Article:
Tomorrow (Sunday) is the much-hyped Super Bowl. I will not be watching it, just as I have skipped it in the past decade. In my earlier post about how little time is actually involved in play during a normal football game, some of the comments accused those critical of the game of being ‘haters’. It is true that I have come to dislike the game but it was not always so. If I am a hater, it is a fairly recent development.
I used to be a football fan. What I had heard about this game while in Sri Lanka made it seem like a slow moving game that stopped every few seconds and my first experience watching a game in the US did not change my mind. But in those days I was a teaching assistant helping students in the labs and during the down times or after class, some of them took it upon themselves to make me into a fan by teaching me the rules and, what really matters to a fan, the finer points of play and strategy. It did not take long before I was regularly watching games, and knew the names of key players and coaches and watched and read about games. I could ‘talk football’ with the best of them. Getting together with friends to watch the Super Bowl became an annual ritual.
But after a couple of decades I began to get slowly disillusioned. The main reason was what was happening off the field. I became disgusted with the sheer greed of the NFL and its millionaire team owners as they extorted money from cities to pay for new and luxurious stadiums, with threats to move the teams to other cities if the people did not pay up. Cities had to use money that could have gone for other services to build and upkeep huge structures that were used less than ten times each year.
What added to my dislike was the rise in obnoxious behavior by players, with the absurd self-congratulations and chest beating and boasting and finger-pointing that went well beyond the reasonable celebrations that might accompany a good effort or a superb athletic feat. Add to that the mean-spirited taunting of opponents, not to mention the dirty play of some, and my disillusionment steadily grew. I found that I just did not enjoy watching anymore and stopped doing so.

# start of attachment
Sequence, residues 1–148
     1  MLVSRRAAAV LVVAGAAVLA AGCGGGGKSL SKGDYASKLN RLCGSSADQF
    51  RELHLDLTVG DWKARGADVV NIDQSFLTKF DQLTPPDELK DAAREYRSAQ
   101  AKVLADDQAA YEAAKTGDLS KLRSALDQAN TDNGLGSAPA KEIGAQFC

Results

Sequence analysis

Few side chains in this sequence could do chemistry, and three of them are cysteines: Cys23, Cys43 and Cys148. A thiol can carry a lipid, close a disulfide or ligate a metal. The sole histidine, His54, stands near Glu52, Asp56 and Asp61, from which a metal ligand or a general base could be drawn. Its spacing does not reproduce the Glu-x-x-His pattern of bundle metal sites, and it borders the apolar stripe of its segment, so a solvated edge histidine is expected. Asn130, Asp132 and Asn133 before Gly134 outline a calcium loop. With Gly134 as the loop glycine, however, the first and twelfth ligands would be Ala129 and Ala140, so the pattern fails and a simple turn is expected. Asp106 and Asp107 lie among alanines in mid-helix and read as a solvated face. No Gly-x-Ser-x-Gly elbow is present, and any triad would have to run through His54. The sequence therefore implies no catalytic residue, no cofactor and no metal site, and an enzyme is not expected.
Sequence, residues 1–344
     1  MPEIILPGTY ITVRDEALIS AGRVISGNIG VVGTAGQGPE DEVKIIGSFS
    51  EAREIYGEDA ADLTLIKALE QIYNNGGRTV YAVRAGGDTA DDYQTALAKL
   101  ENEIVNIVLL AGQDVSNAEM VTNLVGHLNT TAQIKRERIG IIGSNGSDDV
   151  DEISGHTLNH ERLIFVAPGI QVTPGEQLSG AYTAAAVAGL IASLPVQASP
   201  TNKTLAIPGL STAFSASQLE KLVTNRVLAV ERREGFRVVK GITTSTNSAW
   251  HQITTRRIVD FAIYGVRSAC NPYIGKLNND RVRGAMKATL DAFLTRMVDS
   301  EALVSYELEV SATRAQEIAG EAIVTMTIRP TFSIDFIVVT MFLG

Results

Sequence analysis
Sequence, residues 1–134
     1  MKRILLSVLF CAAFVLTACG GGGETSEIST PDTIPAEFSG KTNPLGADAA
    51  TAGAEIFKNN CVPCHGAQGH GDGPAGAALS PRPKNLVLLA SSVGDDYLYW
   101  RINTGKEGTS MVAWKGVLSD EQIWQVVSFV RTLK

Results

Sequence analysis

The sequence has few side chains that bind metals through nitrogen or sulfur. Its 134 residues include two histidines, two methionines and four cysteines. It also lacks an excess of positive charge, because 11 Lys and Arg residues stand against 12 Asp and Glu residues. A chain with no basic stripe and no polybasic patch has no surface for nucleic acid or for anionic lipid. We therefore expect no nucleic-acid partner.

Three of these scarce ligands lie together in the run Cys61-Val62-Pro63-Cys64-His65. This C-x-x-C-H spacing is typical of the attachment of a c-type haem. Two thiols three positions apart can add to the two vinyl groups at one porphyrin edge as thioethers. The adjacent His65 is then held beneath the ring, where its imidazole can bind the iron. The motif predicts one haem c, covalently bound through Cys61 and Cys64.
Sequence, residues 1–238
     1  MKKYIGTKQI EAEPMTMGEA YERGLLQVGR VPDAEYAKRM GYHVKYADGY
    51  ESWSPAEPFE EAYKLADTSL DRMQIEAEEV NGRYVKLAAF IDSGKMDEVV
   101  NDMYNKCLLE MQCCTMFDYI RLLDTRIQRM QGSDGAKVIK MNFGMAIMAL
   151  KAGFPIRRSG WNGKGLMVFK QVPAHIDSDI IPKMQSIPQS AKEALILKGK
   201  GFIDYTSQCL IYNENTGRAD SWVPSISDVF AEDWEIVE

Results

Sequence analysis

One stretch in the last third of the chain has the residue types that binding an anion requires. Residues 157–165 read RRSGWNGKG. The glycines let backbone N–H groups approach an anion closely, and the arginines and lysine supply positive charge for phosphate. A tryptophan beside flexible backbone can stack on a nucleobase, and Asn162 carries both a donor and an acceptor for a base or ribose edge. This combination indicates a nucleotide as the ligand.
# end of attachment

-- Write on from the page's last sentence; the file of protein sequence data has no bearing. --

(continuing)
The recent revelations of the increasing evidence that it is a dangerous sport, leaving players with a good chance of traumatic brain injuries has cemented my decision to never return to the game. The survey that there are only about 11 minutes of actual play in a game suggests that a lot of the brain trauma that football players suffer from can’t be just from the actual games and the few major hits but also from the many mini-concussions accumulated over the vastly more hours of practice in many years of play, starting from their childhood.
As a result, I cannot watch any more. Every time I see someone get hit, it makes me think of what is happening to his brain. President Obama recently said that if he had a son he would not let him play football, suggesting that we may be at the beginning of a major shift in public opinion. Of course, Obama’s statement will be the cue for some parents to immediately go out and enroll their children into football programs because since they think Obama is the anti-Christ, they must do the opposite of whatever he does.
I think the decline in football will be slow but steady. Apart from the professional leagues and a few big schools, football is a financial burden. There really is no financial upside to K-12 schools fielding teams and it is morally wrong to subject young people to traumatic brain injury. At the college level, elite universities and smaller colleges will drop the sport since students don’t go to those places because of the football program so why spend lots of money on something that only hurts your students? My university fields a team but hardly any students or faculty go to watch the games (I have not been to a single one), so what’s the point?
Eventually I hope that football will become like boxing. It will still attract devoted fans who do not mind, and may even like, seeing people beat each other up as part of a sport, but an increasing number of people will find it distasteful and will discourage their children from taking up the game. Philip Weiss says that the evidence of football’s negative effects on health are now so strong that we should avoid even watching the games because by doing so we are complicit in violent assault.